About a week ago one of my neighbors dropped by to see my little princess and inevitably as she “ooo-d” and “aaa-d” at the baby, she confessed that she had very serious baby fever. For those who have no clue what that means, it’s basically when a woman’s ovaries figuratively start clamoring for utilization based on the purpose that our creator intended. I laughed encouragingly and asked her what she was waiting for, urging her to join my club. This prompted a very lengthy vent session from her about all the challenges of the current dating scene and how she was finding it very difficult to meet a guy who met her – to use her own words – exceedingly high standards.
For me this was like déjà vu; it reminded me of myself about 3-4 years ago when I was still dating; no, actually trying to date and getting quite frustrated in the process. I have never believed that there is one particular right place to meet your ideal mate or one wrong place for that matter. It all depends on where both of you are in terms of readiness for commitment. For example, people always say you would never meet any one serious in a bar; however two of my close friends met in a bar (thanks to me) and are now happily married with a child. Point is, they were both ready to settle and just happened to meet as they were both out having a drink. No harm in that right? I also know people who meet in church (the most supposedly ideal place to meet a partner; allow me to have a face-palm moment) but their unions broke up faster than you could say happily ever after. I’m sure you get the gist of it.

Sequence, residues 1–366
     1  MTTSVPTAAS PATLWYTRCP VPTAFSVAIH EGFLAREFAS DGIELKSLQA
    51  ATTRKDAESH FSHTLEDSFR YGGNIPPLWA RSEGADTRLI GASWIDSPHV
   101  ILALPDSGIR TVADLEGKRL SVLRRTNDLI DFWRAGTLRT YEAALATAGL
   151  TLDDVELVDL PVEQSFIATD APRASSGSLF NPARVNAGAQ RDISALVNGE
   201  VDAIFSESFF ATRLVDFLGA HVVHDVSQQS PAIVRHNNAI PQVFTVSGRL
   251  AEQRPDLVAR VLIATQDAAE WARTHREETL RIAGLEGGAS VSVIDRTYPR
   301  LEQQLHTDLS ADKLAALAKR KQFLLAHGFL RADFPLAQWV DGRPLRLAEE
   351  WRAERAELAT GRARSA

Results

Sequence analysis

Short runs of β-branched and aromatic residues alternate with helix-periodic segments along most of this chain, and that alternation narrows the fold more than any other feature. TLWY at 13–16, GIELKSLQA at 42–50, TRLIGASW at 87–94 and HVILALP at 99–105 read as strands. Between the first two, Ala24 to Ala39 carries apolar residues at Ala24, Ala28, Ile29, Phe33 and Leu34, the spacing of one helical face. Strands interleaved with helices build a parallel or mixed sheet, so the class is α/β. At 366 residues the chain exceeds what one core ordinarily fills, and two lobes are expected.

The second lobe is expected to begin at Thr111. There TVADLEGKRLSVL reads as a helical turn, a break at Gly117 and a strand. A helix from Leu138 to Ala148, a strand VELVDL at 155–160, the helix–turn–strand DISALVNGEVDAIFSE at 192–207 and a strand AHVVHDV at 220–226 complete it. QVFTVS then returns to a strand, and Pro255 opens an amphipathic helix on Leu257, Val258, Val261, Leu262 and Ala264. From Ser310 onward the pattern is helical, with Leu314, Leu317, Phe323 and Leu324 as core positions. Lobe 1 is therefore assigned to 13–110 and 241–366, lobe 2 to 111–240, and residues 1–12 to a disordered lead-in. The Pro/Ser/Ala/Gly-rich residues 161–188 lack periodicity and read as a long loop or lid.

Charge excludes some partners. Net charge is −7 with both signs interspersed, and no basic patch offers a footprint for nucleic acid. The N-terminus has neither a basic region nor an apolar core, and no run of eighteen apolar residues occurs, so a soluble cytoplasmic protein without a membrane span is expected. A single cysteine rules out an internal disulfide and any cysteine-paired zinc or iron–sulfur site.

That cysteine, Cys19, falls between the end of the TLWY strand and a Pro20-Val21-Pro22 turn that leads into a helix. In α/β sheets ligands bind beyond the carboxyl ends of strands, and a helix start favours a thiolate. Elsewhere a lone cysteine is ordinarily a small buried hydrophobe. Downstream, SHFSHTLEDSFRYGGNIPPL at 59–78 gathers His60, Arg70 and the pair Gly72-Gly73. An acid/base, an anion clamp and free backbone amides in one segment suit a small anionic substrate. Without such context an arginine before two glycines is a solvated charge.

So there I was. Determined to settle with the ideal man. (As I later learnt, therein was my problem and why I was attracting all the wrong men). I dated all varieties of potential partners and came up dry. Why? They all had one thing in common. They believed that my standards were too high and unrealistic for an actual man to meet. This perturbed me to say the least. Why? As I explained to each of them, I did not develop my standards from a steamy fiction novel, or those Mexican soaps that all the local channels are now pummeling us with. For the record, I am not a fan of those soaps but if you were born in the 70s like me (yes, I’m proud of my age and the fact that I look almost a decade younger) you know all about “No one but you” and all the girls had a not-so-secret crush on Antonio Garcia (swoon)! So just to clarify, that is not where I developed my high standards from.